I keep thinking that I’m missing something here. Some magical number that makes these drugs to lower cholesterol worth the hype.
I’ve read all the studies and I’ve seen the numbers, but I don’t read ALL of the medical literature that gets published on statins. So maybe I missed the one that showed that statins are worth all the hype and the new recommendations.
There has been much pushback on the newly released 2013 American College of Cardiology/American Heart Association (ACC/AHA) guidelines on reducing atherosclerotic cardiovascular disease risk. The arguments include conflict of interest (8/15 panelists had financial ties) and overzealous interpretation of the data. Here are the scenarios when moderate to high dose statins should be used:
- Anyone with low-density lipoprotein (LDL) cholesterol levels >190 mg/dL.
- Anyone from 40 to 75 years or age with type 1 or 2 diabetes.
- Anyone aged 40 to 75 years with LDL cholesterol levels between 70 and 189 mg/dL and 7.5% or higher estimated 10-year risk of atherosclerotic cardiovascular disease.
- Moderate-dose statin treatment in anyone with an estimated 10-year risk between 5% and 7.5%.
This pretty much covers everyone.
But this aren’t the problem. Or rather, the problems.
First, the queen of all twisting of the data has to do with cholesterol. If you remember how this all started years ago, it was all about total cholesterol. Everyone needed their total cholesterol checked so that we could see whether or not they needed drugs. The entire, laser-like focus on preventing heart disease kept total cholesterol in the crosshairs. We did this, spending mass amounts of money on “educating” doctors and patients that total cholesterol = heart disease = statins.
It got embedded deep. Really deep.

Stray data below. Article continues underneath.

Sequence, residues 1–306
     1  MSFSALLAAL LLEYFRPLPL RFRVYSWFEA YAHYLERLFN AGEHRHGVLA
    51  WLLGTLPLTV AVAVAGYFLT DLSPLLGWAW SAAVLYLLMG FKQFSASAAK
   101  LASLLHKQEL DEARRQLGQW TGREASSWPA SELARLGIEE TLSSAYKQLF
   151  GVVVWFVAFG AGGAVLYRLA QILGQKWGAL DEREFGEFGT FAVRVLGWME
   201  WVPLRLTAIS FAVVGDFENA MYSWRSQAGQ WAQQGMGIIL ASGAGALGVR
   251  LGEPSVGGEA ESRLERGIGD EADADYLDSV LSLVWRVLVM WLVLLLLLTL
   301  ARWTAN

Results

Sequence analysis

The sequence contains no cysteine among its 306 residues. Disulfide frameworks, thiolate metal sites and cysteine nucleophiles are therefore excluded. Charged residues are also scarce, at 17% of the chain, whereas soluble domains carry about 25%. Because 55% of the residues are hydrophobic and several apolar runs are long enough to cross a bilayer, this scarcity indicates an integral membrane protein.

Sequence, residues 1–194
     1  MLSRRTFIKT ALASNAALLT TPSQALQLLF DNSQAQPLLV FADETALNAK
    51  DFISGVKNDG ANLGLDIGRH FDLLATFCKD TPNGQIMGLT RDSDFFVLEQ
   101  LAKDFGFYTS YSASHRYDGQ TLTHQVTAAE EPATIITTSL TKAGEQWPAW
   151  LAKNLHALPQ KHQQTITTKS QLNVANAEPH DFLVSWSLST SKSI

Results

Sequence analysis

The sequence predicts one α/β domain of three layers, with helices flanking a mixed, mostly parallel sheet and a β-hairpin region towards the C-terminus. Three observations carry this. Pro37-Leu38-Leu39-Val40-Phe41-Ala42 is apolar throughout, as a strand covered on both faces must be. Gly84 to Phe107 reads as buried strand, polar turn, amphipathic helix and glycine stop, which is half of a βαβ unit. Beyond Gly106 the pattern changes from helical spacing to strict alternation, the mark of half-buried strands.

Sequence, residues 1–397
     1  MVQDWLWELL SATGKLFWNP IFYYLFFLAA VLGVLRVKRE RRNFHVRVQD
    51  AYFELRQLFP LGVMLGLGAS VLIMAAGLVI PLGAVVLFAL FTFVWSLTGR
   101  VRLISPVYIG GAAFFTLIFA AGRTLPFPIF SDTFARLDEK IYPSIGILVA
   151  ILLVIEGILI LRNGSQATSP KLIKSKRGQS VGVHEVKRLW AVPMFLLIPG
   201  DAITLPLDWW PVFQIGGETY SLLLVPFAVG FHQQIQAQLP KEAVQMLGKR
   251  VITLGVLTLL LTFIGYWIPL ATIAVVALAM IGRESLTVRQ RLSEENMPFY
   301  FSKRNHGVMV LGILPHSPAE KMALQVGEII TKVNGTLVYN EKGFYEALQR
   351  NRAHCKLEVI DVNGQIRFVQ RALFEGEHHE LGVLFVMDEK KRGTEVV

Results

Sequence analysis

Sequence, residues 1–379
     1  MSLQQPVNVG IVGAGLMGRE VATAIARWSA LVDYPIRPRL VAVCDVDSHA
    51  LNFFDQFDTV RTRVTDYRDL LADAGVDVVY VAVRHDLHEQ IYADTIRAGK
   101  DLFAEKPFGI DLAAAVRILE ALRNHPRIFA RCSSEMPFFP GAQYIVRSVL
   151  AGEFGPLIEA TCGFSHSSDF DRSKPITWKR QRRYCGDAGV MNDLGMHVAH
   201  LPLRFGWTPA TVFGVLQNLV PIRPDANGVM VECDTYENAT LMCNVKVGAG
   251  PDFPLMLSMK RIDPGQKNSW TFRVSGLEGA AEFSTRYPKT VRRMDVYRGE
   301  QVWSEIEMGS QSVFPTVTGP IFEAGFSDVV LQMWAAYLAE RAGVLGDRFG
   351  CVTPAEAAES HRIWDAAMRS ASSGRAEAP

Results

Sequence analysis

It was not until 10 years later that anyone asked whether lower total cholesterol with drugs was preventing heart attacks and deaths. Turns out they didn’t work really well. Actually, they sucked. So much that these new guidelines do not even take total cholesterol into account. Basically, the suggestions were that we don’t need to look at markers anymore, but we just treat for the sake of treating because the research shows that these drugs help to reduce deaths.
Which brings us to the second problem. They suck at preventing death.
And they did not hide this in the recommendations, as you can see in this review article on the subject. The numbers are given as “NNT,” or number needed to treat over 5 years to see a benefit. This number helps us to understand how many patients need to be treated to benefit a single patient. As an example, using steroids in an acute asthma attack will save 1 person from going to the hospital for every 8 treated, so a NNT of 8. This is considered pretty darn good. Acid blocking drugs in a bleeding stomach ulcer to prevent another episode of bleeding? 15. Probiotics for preventing C. diff infections? 25.
You get the idea.
So what about the use of statins? Here’s the numbers:
- Dying from all causes NNT 138
- Having a cardiac event NNT 49
- Dying from cardiac causes NNT 88
- Having a stroke NNT 155
- Developing diabetes NNT 98
The saddest part about all of this is that society and medicine has degenerated to the point where we are willing to accept a treatment that is so poor that we have to treat 88 people for 5 years to prevent a single death. And the costs to prevent that single heart attack are staggering (think about the costs of 5,280 months of statin drugs).
With these recommendations, we have given up on the hope that the American public can and will make the necessary lifestyle changes to protect their hearts and have instead leaned more heavily on the use of drugs for “prevention” of heart disease.
That is the saddest part of all of these recommendations.